He had survived the Japanese sinking of vessel PT-109 under his command in the Pacific — the skipper of a patrol boat as one hostile American general derogatorily put it — and been given the last rites on more than one occasion due to Addison’s disease. He once predicted that he would not live past forty-five. Moreover, he was cognizant that he was surrounded by enemies and both Kennedy brothers felt that a military coup was not inconceivable. During the missile crisis, they had found themselves under almost unbearable pressure from the Joint Chiefs of Staff. Minutes after being informed of his brother’s murder, Bobby Kennedy contorted with grief, mumbled to aide Ed Guthman, “There’s so much bitterness… I thought they’d get one of us… I thought it would be me.” Little did he know that he was forecasting his own assassination less than five years later.


The nation itself would never quite recover from this convulsion — the death of a seemingly vigorous demi-god, who had represented the hopes of a new generation. As Jackie related to Life journalist Theodore White paraphrasing the Alan Jay Lerner popular musical,

“Don’t let it be forgot,

that once there was a spot,

for one brief shining moment,

that was known as Camelot.

And it will never be that way again.”

The world had been transfixed by the Kennedy saga. Perhaps the tragic parabola was the only arc to which this story bent. Over the coming years, Bobby would turn to Greek tragedy in order to attempt to come to terms with what had happened. Paroxysms of shock and grief swept across the United States and the world. People had felt wrongly or rightly that John Kennedy was for them. In New York, bystanders gathered around radios and recoiled on hearing the news. Grown men took refuge in churches or openly cried in public; something extremely unusual at the time. CBS anchor Walter Cronkite would be immortalised for his coverage. After the best part of an hour of suspension during which there was still hope that Kennedy might somehow pull through, Cronkite confirmed whilst choked up that the unthinkable had indeed come to pass.

In the wake of the assassination, former President Harry Truman wrote an op-ed in December in the Washington Post on how the agency had outgrown its original function of intelligence gathering as conceived in the 1947 National Security Act establishing the CIA. Truman wrote that the agency was now wielding unaccountable power necessitating a visit from former Director of Central Intelligence Allen Dulles in order to unsuccessfully solicit a retraction.

Frederick Forsyth’s The Day of the Jackal had centred on the Organisation Armée Secrète’s (OAS) assassination attempts on French President Charles de Gaulle. Forsyth’s follow up The Odessa File would cement in popular culture the notion that everyone remembered what they were doing at the moment of the assassination. The opening scene narrates cars pulling over to the roadside when the radio broadcast the death of the President: -

“Everyone seems to remember with great clarity what he was doing on November 22, 1963, at the precise moment he heard President Kennedy was dead. Kennedy was hit at twelve-thirty in the afternoon, Dallas time, and the announcement that he was dead came at about half past one in the same time zone. It was two-thirty in New York, seven-thirty in the evening in London, and eight-thirty on a chilly, sleet-swept night in Hamburg.”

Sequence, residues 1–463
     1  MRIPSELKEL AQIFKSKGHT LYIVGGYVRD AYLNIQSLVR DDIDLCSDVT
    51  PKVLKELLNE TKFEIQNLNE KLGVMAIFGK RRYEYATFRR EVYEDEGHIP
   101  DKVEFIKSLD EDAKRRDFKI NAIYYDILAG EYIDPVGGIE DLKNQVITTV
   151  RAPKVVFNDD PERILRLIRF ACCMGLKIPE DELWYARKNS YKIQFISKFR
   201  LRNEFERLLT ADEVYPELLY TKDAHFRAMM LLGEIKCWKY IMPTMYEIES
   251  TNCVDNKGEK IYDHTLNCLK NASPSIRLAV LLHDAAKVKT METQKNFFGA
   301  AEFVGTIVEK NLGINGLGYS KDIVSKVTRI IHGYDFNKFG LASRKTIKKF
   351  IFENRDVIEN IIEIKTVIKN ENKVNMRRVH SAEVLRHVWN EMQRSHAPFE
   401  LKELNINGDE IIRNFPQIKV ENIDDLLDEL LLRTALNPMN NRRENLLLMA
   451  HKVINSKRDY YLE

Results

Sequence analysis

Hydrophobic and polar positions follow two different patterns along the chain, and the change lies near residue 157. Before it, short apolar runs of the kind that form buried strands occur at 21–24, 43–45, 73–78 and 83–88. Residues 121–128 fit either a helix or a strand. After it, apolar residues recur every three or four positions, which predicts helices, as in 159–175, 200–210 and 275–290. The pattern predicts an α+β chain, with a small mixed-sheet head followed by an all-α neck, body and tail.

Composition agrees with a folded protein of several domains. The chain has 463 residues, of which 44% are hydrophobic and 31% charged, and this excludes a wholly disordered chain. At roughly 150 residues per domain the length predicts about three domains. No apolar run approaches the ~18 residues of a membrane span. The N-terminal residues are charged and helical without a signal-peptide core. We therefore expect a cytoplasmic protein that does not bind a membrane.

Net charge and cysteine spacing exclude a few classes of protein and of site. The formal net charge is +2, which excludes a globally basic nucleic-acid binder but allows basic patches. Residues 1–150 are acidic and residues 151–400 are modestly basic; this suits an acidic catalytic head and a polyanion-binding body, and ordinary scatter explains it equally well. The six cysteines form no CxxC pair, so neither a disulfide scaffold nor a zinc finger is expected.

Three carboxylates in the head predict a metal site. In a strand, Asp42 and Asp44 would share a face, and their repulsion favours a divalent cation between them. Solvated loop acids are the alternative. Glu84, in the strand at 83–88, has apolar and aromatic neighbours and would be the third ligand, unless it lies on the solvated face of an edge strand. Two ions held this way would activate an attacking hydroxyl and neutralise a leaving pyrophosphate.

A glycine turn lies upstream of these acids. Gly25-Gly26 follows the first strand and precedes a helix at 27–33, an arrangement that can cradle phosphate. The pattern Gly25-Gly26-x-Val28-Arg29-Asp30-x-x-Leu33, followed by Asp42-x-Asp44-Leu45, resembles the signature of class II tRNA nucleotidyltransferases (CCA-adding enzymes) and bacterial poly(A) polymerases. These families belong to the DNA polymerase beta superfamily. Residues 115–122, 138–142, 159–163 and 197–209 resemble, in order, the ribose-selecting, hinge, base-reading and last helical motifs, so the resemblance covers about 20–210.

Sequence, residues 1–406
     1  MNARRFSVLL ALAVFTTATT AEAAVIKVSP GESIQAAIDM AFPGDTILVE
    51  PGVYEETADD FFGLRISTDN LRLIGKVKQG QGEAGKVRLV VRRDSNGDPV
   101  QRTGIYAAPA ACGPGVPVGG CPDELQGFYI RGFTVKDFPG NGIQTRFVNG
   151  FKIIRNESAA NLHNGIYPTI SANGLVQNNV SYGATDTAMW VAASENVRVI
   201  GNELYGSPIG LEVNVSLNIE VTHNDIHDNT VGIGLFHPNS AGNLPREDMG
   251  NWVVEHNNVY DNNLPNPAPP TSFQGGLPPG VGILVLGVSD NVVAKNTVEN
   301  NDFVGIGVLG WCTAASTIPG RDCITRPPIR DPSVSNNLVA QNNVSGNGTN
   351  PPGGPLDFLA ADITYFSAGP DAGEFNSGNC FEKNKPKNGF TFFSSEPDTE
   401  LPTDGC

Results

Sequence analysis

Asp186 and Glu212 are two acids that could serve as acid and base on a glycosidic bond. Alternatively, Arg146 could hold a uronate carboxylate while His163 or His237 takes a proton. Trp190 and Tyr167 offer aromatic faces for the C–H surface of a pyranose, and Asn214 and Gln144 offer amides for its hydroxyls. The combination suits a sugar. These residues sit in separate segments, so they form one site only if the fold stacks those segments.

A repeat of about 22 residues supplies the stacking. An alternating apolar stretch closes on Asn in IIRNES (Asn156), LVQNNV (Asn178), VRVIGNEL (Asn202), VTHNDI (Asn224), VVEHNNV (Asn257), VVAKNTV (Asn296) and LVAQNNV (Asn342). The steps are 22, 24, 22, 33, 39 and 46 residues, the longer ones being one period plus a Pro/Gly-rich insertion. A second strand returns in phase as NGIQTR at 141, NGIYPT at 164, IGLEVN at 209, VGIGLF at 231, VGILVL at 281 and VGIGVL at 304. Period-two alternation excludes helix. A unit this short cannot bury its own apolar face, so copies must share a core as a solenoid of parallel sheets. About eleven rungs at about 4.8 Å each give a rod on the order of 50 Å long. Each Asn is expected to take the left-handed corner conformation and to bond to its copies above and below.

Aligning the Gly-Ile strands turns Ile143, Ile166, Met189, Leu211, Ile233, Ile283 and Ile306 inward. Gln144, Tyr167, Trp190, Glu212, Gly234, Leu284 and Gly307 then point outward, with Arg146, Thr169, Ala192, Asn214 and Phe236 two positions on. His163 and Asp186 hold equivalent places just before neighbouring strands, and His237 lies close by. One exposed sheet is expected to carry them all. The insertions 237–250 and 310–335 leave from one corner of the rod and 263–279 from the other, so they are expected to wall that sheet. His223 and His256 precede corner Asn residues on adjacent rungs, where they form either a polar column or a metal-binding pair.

As far away as the Soviet Union, people spontaneously gathered to mourn. In London, Queen Elizabeth asked for the flags over Buckingham Palace to be lowered at half-mast — an unprecedented honour for a foreign leader. That evening back in Washington, Kennedy aide Arthur Schlesinger Jr. wrote in his diaries they still half expected the President to come bounding down the stairs and walk into the room. Schlesinger’s monumental biography A Thousand Days would help secure the legacy — rounded by the elegiac opening phrase describing the inauguration “It all began in the cold,” and similarly its funereal denouement ‘It all ended, as it began, in the cold”.

When Kennedy had descended the stairs of Air Force One at Love Field airport in Dallas, he was the occupant of the most powerful office in the world as the leader of the ‘free world’, a charismatic spokesman for a new generation, a virile man in his prime and the doting father of two young children. He was in Texas to bring together warring factions of the Democratic Party. The Texas trip was really the starting gun for the re-election year of 1964. He once joked that he could dispatch Barry Goldwater — his likely Republican opponent — without leaving the Oval Office. The reality though was opinion polls were tight and putative civil rights reforms would deter southern voters.

Before the afternoon was over, he would return up the same stairs in a casket with his head blown open by a crossfire appropriate for big game hunting. The catatonic shock of the widowed Jackie Kennedy following behind — as the secret service struggled to load the coffin on to Air Force One — is difficult to imagine. The abruptness of this seismic milestone cannot be overstated. The six seconds of the shooting gallery in Dealey Plaza would have wide-ranging repercussions for American society.